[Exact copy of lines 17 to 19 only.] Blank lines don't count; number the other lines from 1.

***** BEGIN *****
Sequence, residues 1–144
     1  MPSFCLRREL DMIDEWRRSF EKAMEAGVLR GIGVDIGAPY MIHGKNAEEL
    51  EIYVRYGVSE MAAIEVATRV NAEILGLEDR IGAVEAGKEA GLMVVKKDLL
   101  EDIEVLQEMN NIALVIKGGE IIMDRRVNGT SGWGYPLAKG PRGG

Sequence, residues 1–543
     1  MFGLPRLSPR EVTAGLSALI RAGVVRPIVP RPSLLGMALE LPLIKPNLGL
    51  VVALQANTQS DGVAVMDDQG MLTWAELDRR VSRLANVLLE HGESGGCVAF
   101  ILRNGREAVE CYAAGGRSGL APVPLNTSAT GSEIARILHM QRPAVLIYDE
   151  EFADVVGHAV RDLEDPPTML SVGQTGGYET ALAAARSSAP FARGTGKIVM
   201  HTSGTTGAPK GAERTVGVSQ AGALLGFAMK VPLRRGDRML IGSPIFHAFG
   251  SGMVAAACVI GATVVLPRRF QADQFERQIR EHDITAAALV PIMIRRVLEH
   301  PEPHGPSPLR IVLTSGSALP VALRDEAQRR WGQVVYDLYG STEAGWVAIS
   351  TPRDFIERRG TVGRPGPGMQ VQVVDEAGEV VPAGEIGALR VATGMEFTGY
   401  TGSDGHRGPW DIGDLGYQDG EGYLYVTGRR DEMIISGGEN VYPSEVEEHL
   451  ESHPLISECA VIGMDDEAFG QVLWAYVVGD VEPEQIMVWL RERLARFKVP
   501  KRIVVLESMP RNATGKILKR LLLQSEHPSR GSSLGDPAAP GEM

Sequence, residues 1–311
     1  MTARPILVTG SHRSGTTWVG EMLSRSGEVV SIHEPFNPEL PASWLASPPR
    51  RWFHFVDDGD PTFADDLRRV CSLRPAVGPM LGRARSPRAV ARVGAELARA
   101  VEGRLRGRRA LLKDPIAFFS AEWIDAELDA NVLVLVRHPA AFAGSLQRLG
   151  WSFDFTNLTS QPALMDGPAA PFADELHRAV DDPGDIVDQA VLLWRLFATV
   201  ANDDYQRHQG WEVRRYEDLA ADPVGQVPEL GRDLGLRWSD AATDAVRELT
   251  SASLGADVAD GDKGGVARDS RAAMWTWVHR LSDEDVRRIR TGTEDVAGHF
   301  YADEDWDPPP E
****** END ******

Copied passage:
Sequence, residues 1–311
     1  MTARPILVTG SHRSGTTWVG EMLSRSGEVV SIHEPFNPEL PASWLASPPR
    51  RWFHFVDDGD PTFADDLRRV CSLRPAVGPM LGRARSPRAV ARVGAELARA